Switched On – O’o: Touche (InFiné)

reviewed by Ben Hogwood

What’s the story?

O’o are a French duo, Victoria Suter and Mathieu Daubigné, who are based in Barcelona. Their name makes an immediate impact, but is not an attempt to beat Google searching or make things difficult for fans to find. In fact their venture is named after the Kaua’i Ō’Ō bird of Hawaii, which has sadly been extinct since the late 1980s.

Touche is their debut album, a record of profound longing that speaks of their love of Laurie Anderson but also Björk and Kate Bush. The duo mostly use synthesizers to create their sonic picture, though there is a wealth of lavish scoring throughout the record.

What’s the music like?

Enchanting – and fulfilling the promise of the extremely colourful cover. Suter’s voice is perhaps the main reason for this, a beautiful instrument that responds well to multitracking, creating a velvety wall of sound. The production responds in kind, with a whole variety of different settings bringing the text to life. The sung texts appear to be in French and English, though the warmth to the productions takes them towards the Mediterranean.

Dorica Castra is one of the standout vocal cuts, the production retreating to minimal electronics so we can hear Suter’s voice, which here bears the powerful influence of Kate Bush. The backdrop plays around with echo effects that have a great impact on headphones, with a fulsome beat to go underneath.

Aquamarine is a beauty, with a dubby beat and rich vocals, building from small beginnings to an all-encompassing whole. Moon and Touche itself dabble more in the melancholy, with a longing arc to Suter’s singing above minor-key harmonies.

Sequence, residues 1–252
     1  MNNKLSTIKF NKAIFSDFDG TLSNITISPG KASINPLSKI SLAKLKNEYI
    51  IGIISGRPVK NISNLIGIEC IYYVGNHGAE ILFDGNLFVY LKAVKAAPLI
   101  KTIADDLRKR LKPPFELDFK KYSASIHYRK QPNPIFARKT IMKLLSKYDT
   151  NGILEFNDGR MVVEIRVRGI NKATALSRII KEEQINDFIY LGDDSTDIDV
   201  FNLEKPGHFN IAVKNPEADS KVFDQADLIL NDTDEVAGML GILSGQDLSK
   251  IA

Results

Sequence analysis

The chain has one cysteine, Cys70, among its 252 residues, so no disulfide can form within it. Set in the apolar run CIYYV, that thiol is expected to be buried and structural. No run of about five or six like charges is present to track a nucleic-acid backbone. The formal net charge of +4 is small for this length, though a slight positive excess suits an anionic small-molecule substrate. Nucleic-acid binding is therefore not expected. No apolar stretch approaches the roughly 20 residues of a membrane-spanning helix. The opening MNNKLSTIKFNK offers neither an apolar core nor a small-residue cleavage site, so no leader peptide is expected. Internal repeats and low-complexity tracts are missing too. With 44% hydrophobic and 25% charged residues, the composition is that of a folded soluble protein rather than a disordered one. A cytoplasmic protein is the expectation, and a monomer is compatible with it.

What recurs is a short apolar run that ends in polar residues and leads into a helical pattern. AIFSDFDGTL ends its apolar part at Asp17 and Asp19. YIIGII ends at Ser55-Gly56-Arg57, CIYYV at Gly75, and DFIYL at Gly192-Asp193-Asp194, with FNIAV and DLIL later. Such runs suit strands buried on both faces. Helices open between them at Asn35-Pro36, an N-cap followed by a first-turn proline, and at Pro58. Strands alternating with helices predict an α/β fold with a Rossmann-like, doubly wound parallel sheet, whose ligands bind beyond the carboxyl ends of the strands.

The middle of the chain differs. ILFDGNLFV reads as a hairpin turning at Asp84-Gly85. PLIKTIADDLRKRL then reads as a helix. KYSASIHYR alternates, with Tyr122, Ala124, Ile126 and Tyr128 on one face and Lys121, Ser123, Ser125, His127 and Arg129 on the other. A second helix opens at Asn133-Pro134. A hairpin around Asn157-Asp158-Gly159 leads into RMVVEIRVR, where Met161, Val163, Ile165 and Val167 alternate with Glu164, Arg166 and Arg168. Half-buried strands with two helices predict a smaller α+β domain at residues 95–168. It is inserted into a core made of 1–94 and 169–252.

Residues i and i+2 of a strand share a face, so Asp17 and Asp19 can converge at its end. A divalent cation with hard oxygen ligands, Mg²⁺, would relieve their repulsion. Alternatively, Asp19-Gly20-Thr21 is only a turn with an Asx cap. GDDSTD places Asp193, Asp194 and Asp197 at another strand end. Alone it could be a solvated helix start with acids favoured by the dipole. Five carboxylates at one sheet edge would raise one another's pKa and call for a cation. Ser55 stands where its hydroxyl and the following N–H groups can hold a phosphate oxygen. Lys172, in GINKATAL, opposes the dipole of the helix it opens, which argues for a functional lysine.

There are folksy tinges to the melody of Somewhere, which dispenses with drums and creates layered tunes, while the triple time Spin is pure fantasy. The final song, Tohu Bohu, is an enchanting story, taking all manner of musical turns as the electronics squiggle and squirm beneath, and ending with what feels like a heavenwards ascent.

Does it all work?

It does – and if anything on repeated listening the spell of Touche is cast deeper still. These are multilayered songs with much to reveal, and the structure of the album means there is a beautiful ebb and flow of emotions. They really do tell a story.

Is it recommended?

It is – O’o are quite a find for the InFiné label, and on the strength of this wonderful debut they could really go places.

Listen and Buy

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